VIENTIANE (BLOOMBERG) - Bats dwelling in limestone caves in northern Laos were found to carry coronaviruses that share a key feature with Sars-CoV-2, moving scientists closer to pinpointing the cause of Covid-19.
Researchers at France's Pasteur Institute and the University of Laos looked for viruses similar to the one that causes Covid-19 among hundreds of horseshoe bats.
They found three with closely matched receptor binding domains - the part of the coronavirus' spike protein used to bind to human ACE-2, the enzyme it targets to cause an infection.
The finding, reported in a paper released on Friday (Sept 17) that is under consideration for publication by Nature journal, shows that viruses closely related to Sars-CoV-2 exist in nature, including in several Rhinolophus, or horseshoe bat, species.
The research supports the hypothesis that the pandemic began from a spillover of a bat-borne virus.
About 1,000 such infections may be occurring daily in southern China and South-east Asia in areas with dense populations of bats from the Rhinolophus genus, a study on Tuesday found.
The three viruses found in Laos, dubbed BANAL-52, BANAL-103, and BANAL-236, are "the closest ancestors of Sars-CoV-2 known to date", said Dr Marc Eloit, head of pathogen discovery at the Pasteur Institute in Paris, and co-authors.
"These viruses may have contributed to Sars-CoV-2's origin and may intrinsically pose a future risk of direct transmission to humans."
The receptor binding domains of three Laos coronaviruses are closer to that of Sars-CoV-2 than to the RaTG13 virus identified in Rhinopholus affinis bats from the Mojiang mineshaft in Yunnan province, that was regarded as the pandemic strain's closest match.
The BANAL-236 virus has an almost identical receptor binding domain to the pandemic virus, according to the paper.
"The receptor binding domain of Sars-CoV-2 looked unusual when it was first discovered because there were so few viruses to compare it to," said Dr Edward Holmes, an evolutionary biologist at the University of Sydney, who was not involved in the research.
"Now that we are sampling more from nature, we are starting to find these closely related bits of gene sequence," Dr Holmes said in an e-mail on Saturday. "Eventually, with more sampling, the natural ancestry of the entire Sars-CoV-2 genome will be revealed."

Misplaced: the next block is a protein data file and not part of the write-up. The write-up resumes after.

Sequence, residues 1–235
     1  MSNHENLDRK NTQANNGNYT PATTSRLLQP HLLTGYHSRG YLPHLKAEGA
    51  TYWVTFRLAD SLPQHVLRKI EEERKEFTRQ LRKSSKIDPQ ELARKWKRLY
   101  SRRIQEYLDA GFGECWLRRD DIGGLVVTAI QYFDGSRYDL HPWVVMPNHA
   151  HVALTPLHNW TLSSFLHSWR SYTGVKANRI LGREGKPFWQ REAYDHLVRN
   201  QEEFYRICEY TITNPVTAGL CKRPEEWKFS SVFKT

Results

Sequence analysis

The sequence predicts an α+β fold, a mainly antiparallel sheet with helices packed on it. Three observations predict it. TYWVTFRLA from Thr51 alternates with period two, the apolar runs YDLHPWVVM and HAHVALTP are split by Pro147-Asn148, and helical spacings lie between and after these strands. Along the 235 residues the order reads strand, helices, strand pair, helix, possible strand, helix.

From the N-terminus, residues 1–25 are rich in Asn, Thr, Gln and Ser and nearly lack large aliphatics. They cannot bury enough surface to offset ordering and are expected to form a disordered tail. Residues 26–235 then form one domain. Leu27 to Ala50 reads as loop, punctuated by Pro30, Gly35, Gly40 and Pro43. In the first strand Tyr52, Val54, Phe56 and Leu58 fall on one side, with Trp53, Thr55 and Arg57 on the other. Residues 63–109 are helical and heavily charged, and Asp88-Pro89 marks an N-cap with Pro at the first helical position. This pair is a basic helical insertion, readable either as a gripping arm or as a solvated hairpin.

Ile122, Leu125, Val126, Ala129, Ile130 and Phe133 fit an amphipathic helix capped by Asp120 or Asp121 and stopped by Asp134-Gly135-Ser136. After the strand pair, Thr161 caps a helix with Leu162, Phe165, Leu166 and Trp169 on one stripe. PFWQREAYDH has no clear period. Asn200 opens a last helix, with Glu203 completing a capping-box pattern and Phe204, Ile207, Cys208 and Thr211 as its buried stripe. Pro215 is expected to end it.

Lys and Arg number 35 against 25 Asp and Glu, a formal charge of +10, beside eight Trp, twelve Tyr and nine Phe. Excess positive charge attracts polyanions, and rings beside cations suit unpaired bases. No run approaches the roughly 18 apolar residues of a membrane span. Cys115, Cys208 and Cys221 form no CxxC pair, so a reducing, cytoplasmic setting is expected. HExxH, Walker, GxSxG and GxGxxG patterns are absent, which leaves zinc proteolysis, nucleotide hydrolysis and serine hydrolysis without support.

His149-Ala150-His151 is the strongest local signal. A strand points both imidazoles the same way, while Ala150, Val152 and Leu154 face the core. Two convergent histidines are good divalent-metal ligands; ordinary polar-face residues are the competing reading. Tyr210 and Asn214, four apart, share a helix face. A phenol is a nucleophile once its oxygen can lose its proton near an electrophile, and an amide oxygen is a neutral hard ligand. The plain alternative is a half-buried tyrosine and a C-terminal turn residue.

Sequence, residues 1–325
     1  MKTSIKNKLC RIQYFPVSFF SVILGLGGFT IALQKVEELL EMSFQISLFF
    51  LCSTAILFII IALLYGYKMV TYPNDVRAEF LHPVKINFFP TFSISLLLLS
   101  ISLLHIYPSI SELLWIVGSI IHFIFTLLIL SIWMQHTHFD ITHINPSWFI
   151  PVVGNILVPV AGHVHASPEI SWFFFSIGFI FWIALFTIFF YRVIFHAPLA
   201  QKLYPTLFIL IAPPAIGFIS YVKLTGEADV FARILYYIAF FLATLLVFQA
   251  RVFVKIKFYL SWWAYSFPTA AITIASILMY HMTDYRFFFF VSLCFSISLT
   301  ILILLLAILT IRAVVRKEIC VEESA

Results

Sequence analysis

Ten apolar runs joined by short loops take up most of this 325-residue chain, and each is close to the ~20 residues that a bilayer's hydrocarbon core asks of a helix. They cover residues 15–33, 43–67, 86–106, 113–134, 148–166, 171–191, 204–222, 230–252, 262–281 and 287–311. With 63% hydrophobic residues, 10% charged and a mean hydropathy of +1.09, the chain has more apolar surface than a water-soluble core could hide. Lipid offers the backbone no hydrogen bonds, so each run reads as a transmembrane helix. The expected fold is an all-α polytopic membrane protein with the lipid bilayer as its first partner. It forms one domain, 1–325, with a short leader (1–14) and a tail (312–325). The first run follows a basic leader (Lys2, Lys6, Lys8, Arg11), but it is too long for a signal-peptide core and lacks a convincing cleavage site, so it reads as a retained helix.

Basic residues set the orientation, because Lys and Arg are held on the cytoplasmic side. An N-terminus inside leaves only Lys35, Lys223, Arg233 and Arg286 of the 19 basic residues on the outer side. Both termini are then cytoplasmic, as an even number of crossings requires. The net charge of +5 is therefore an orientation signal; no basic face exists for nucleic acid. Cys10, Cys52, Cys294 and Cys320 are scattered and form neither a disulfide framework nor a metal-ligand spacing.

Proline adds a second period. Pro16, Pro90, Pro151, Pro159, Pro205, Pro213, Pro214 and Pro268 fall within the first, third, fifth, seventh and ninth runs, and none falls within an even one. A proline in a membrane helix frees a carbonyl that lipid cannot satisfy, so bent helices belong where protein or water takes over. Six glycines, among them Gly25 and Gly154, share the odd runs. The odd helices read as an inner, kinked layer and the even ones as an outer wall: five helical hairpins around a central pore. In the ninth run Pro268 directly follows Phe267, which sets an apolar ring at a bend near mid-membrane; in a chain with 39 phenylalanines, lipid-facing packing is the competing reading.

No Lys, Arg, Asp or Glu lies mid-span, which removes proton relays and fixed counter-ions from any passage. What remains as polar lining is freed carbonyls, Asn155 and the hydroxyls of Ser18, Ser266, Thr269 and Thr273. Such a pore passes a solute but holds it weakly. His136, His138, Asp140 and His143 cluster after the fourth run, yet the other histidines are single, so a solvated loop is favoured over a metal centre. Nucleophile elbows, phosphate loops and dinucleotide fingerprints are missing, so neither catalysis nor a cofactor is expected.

None of the bat viruses isolated in Laos harbours a so-called furin cleavage site in the spike that facilitates cell entry. It is a feature of the Sars-CoV-2 virus that has led some scientists to theorise that it was created in a laboratory.
No evidence supporting the lab-leak theory has emerged. Last month, the United States intelligence community ruled out the possibility that Sars-CoV-2 was developed by China as a biological weapon, but no consensus was reached on its origin.
The lack of furin cleavage may be explained by insufficient sampling in bats, or by acquisition of the furin cleavage site during chains of transmission in an alternate animal host, or during unreported circulation in humans in the early stages of the outbreak when the virus may have caused few symptoms, the authors said.
"Our results pinpoint the presence of new bat sarbecoviruses that seem to have the same potential for infecting humans as early strains of Sars-CoV-2," they said.
People who spend time in or close to caves, such as guano collectors, are particularly at risk of being exposed.
Further investigations are needed to assess if people exposed to bats have been infected by one of these viruses and whether they have antibodies that may provide protection against subsequent Sars-CoV-2 infections.
"This paper is really interesting and we need more research like it," said Dr Maria Van Kerkhove, the World Health Organisation's technical lead for Covid-19, in an e-mail.
The researchers studied 645 bats from 46 species captured on four sites - in Fueng and Meth districts of Vientiane province, and in Namor and Xay districts in Oudomxay province - between July last year and January this year.
The bats live in the limestone karstic terrain common to China, Laos, and Vietnam in the Indochina peninsula.
The paper highlights the diversity of Sars-CoV-2-like viruses present in bats in South-east Asia, Dr Holmes said.
"Continual sampling is the only way to understand the origins of this virus and it is important that more sampling is done throughout China as this remains the most likely place of origin," he said.
"This study emphasises that bat coronaviruses that have the potential to infect humans readily exist in nature and could emerge at any point. This is the clear risk for the future."